After she and her husband, Steve, lost five family members in the Aeromexico plane crash over Cerritos on Aug. 31, 1986, Denise Guzman wanted to do something constructive about promoting flight safety "to make some good come of this tragedy."
Until this June, she devoted her efforts to CUFFS, Citizens United for Flight Safety, and as its president spoke to California legislative panels, state and national politicians and representatives of the National Transportation and Safety Board and the Federal Aviation Administration.
But last week, having resigned as CUFFS leader, Guzman, 33, started getting in touch with politicians again--this time for another cause that she believes is of more immediate need, a bereavement center for persons whose families and friends have been killed in air crashes.
Guzman, a hairdresser from Whittier, has now founded the Air Disaster Victims for Victims Center and will decide Jan. 5 which of two Southern California hospitals she will pick for the site of the center, to be dedicated in memory of the victims of Aeromexico Flight 498.
Steve Guzman's father, Manuel, his uncles Joe Guzman and Frank Corella and cousins Robert Guzman and Mark Corella were killed in the mid-air collision over Cerritos. But Denise Guzman decided not to dedicate the new center to the family by name, but to the 82 people who died in the tragedy.
"That's one of the problems I had with CUFFS," Guzman said. "Everything had to focus on Cerritos, and I don't think that's the way it should be. Air safety does not start and end with Cerritos. It should be everywhere."
Guzman has been in touch with families who lost loved ones in other air crashes, among them in Dallas and San Diego, and many have volunteered to help get the center started. Persons interested in helping with the project may call Guzman at (213) 863-3471.
"There is a great need for people who have suddenly lost family in an air disaster," Guzman continued. "We are setting up guidelines to follow, procedures to take and what to do when you're faced with losing family members in this way. There is no place you can call, so the need is great. And it's not just for families of people in the large plane crashes. We will be able to help those people who have lost family in small planes. . . . They need the same assistance as we did in a major disaster. Their families feel the same hurt."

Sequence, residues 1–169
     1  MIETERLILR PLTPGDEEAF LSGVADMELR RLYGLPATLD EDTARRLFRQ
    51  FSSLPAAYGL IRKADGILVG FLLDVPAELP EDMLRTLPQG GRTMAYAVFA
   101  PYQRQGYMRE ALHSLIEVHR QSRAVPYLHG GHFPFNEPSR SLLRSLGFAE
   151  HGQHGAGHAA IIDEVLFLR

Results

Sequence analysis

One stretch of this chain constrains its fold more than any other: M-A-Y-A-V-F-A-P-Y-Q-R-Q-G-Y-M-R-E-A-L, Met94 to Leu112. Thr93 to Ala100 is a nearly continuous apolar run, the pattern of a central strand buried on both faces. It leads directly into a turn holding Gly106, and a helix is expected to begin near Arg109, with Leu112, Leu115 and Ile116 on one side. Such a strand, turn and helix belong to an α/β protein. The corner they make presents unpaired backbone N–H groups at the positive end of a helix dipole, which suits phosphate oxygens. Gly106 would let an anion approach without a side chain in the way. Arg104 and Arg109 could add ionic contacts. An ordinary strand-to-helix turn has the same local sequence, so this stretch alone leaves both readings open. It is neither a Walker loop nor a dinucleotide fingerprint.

When the center is fully operational, Guzman expects to have volunteers, people who have been through the same kind of situation of losing loved ones in a plane crash, to talk with the families and also provide counseling from grief therapists and psychologists.
"I want to have it set up so the therapy can be donated to patients, or they can pay," she explained. "Some people won't take charity, and others need it and can't afford it.
"If the center does as well as I hope," said Guzman, "I want to get politicians involved so they can see the real need. I'd like to have fund-raisers so we can expand here, and eventually, to go to every other state and set up such centers."
Guzman said she probably will have to sell her hair salon, because she believes she won't have enough time to work on the center project, go to work every day and raise their children, three boys and a girl.
"There are just so many things to do in the face of a disaster, and nobody to tell you how or what," Guzman said. "They have bereavement centers at many hospitals for drunk drivers, cancer patients, AIDS, people who have lost family members overdosing on drugs. But nothing specific for air disaster victims. With our center, we'll be able to tell them from first hand experience."
Recalling her family's trauma when learning of the crash of Flight 498, Guzman said: "Of all the things I can tell others, the most important is not to go to the plane crash site like we did. We made a terrible mistake doing that.